Some good questions from Matt D.:
As of late, in many circles of sci-fi fandom, there’s been an almost obsessive need for scientific accuracy or realism in sci-fi films. Many going so far as to say they hated Interstellar because of the “gaping flaws” in the science. Astrophysicist Dr. Lawrence Krauss went so far as to say that Nolan’s latest work “was one of the worst movies ever made” because he was unable to see beyond the “bad science”.
I can almost forgive him for saying that. He has spent countless hours studying and analysing the things that Interstellar depicts.
I’ve never felt the need to see authenticity in my science-fiction. I don’t care how far out the “science” is or how many liberties the writers/directors/illustrators take with the subject matter.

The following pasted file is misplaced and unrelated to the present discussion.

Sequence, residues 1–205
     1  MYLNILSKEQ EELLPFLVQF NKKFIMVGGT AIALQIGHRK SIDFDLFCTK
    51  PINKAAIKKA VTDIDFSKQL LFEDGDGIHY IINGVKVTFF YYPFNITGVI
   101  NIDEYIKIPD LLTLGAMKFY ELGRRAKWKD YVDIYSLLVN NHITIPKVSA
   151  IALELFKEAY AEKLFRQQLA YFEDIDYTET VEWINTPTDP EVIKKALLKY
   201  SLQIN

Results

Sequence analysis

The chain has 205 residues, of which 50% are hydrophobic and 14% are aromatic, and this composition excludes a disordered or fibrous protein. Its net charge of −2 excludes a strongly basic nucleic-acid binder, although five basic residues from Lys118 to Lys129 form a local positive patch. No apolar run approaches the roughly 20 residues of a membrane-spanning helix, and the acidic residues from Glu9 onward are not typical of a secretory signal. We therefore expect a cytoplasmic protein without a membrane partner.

For me, sci-fi is about imagination. It’s about dreaming up what can’t be done and finding out ways of getting it done: warp drive, reanimation, travelling to parallel worlds. If we start worrying about whether warp drive is possible as it’s depicted in Star Trek, to the point where we can’t even watch it, what’s the point of watching/reading any science fiction?
Sci-fi is about hope. It’s about dreaming. It’s about looking to the stars or at the robots my son plays with and saying “what if?” Our Universe is so vast and so complex. I think it was Neil DeGrasse Tyson that said we’ve discovered and understand about 5% of the Universe. With human understanding of what’s out there being so limited, why would we not got all out when it comes to sci-fi? Why would we cripple our own enjoyment of a medium that has so much to offer? There’s so much theory; so much speculation. Too much for me not to be enthralled by Interstellar. Or The Matrix. Or Doctor Who.
Because, as long as we can still imagine it, I’m going to watch it. And until I no longer enjoy it, I declare, to all those that dare say Interstellar is bad: “No. No, it is not. Now pass me my light sabre and let’s ride the TARDIS.”